Retrospiketives

I’d like to introduce and encourage a new agile activity or ceremony:

Retrospiketive [retro-spike-tive] – A time boxed meeting spawned from a retrospective to focus on a single change implementation plan. Also called a “Spiketro” for short.

The name pretty much says it all to anyone already immersed in agile software development. It’s a happy marriage of two existing agile concepts, namely:

Retrospective – A time boxed meeting held at the end of an iteration, or at the end of a release, in which the team examines its processes to determine what succeeded and what could be improved.   – Agile dictionary

Spike – A story or task aimed at answering a question or gathering information, rather than at producing shippable product.  – Agile dictionary

A “retrospiketive” fills the gap between improvements identified in retrospectives and the change in behaviour or reality needed to realise the gains. Gains ultimately in team productivity and throughput of value to the business and customers.

Retrospectives vary in format but usually seek to scrutinise the past and determine, as a team:

  • what we should keep doing
  • what we should stop doing
  • what we should start doing

The latter two points involve a change in behaviour and so require determination and effort. It’s not uncommon for a retrospective to generate a multitude of different suggestions. All well and good (assuming good retrospective practice and all team members get to speak and speak freely).  However, the challenge becomes translating these ideas into actions and following up after the meeting to make something happen, to make a difference.

It’s wise at this point in the process to pick a single action point which the team believes will make the biggest positive impact on the team’s performance. If teams are voting on each other’s suggestions in the retrospective (a common practice) this may already be clear. At the very least, the team should then aim to implement this one change.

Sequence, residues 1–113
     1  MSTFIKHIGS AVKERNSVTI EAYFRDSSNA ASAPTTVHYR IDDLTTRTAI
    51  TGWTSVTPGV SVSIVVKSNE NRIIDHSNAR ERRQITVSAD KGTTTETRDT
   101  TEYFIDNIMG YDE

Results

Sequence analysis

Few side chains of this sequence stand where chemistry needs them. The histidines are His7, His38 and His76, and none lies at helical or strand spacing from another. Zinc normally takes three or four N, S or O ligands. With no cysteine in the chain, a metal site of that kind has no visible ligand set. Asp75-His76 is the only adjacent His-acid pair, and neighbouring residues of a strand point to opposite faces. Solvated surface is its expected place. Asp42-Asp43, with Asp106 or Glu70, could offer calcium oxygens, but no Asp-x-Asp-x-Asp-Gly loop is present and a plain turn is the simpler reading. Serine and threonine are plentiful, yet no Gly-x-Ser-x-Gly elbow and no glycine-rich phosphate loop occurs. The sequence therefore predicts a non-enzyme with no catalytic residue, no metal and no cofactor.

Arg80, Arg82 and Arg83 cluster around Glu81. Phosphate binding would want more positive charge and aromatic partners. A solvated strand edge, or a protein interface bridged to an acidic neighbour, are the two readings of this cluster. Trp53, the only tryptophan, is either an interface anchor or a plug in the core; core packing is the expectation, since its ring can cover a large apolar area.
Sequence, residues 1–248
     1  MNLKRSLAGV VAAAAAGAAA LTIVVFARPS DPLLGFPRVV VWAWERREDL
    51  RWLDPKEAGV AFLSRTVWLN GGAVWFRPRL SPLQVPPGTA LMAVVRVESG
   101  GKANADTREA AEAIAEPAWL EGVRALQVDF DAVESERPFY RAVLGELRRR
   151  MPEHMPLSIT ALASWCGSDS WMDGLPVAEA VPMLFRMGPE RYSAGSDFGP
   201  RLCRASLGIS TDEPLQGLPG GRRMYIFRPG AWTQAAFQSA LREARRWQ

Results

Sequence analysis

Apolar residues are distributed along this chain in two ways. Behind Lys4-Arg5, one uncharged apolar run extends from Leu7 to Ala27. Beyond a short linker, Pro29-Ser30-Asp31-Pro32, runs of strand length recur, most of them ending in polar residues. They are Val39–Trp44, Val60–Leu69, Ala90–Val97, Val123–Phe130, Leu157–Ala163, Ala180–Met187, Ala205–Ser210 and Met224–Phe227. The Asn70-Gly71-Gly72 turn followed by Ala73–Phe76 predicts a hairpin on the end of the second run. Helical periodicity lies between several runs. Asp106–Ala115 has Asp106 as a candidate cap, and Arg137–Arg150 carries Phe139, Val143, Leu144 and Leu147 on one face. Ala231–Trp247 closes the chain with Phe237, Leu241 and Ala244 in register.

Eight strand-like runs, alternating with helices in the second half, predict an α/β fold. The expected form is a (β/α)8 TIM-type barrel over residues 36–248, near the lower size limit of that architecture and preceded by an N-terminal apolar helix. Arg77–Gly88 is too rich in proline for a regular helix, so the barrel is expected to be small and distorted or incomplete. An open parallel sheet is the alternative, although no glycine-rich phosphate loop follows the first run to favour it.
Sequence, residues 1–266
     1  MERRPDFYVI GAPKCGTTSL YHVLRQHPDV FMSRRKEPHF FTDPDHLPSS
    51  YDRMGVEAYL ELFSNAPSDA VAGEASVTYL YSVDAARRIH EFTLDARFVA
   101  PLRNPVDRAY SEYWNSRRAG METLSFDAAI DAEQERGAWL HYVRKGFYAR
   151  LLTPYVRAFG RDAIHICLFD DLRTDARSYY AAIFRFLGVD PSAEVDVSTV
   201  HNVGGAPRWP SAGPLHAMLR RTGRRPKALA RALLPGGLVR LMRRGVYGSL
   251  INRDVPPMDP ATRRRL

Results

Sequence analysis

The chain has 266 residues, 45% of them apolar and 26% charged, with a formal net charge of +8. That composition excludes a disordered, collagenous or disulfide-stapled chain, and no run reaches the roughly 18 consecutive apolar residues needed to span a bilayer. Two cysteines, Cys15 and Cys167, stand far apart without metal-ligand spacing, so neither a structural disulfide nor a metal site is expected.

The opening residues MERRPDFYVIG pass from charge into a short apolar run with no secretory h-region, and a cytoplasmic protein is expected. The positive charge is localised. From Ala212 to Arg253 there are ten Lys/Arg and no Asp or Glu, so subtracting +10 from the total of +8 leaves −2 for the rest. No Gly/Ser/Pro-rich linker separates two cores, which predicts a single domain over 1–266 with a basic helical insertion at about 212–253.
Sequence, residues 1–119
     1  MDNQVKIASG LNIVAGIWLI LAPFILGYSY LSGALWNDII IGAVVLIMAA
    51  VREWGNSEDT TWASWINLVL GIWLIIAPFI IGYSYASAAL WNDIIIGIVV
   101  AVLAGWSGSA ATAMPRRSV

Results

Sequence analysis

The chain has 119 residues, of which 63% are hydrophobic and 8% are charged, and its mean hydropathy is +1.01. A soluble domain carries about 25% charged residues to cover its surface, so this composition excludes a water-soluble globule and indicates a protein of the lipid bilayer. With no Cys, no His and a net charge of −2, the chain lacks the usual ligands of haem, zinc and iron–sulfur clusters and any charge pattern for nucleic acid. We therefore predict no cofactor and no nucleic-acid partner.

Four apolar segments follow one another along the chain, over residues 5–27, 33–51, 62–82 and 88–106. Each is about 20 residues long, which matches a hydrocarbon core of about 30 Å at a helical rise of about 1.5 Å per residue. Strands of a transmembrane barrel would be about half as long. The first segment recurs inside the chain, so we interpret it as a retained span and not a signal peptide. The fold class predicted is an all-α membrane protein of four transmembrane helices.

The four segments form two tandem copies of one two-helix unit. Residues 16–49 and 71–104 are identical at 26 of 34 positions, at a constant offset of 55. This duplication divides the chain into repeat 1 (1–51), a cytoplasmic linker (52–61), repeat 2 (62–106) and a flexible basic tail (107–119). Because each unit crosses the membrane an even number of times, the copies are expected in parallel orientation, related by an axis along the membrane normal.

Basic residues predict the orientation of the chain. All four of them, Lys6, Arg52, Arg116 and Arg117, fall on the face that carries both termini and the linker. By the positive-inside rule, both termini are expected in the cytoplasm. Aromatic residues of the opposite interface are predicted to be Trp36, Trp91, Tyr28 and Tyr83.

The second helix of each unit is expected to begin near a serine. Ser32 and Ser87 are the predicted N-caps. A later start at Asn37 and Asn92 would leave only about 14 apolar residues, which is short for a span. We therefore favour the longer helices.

This is where a “retrospiketive” can come into play. For example, let’s say the team chose “Start doing: make User Stories more well defined and smaller in size”. The team believes this single improvement could reap the most benefit out of all of the points made in the retrospective. Members of the team are likely to need to spend some time focusing on making this happen. Perhaps one person (a BA,  PO or Coach) needs to do some research and put forward a recommendation to the team on best practice for User Stories. Perhaps the team holds a workshop on writing good User Stories? This may then result in the team agreeing and producing a template for a User Story with a guideline for appropriate sizing and when a User Story should be split.

At the moment there is no standard vehicle for supporting such activity. A “retrospiketive” is a time boxed meeting that focuses on a single area of team performance improvement. The “spike” emerged as a means to support research and information gathering to inform and support the work to build a shippable product. Likewise, a “restrospiketive” sits outside of the direct work of building a product but indirectly provides value to that product by way of reduced cost, reduced time or perhaps a greater product.

If a retrospective is a searchlight making areas for improvement visible then a retrospiketive is a laser with a sharp focus on one point of improvement.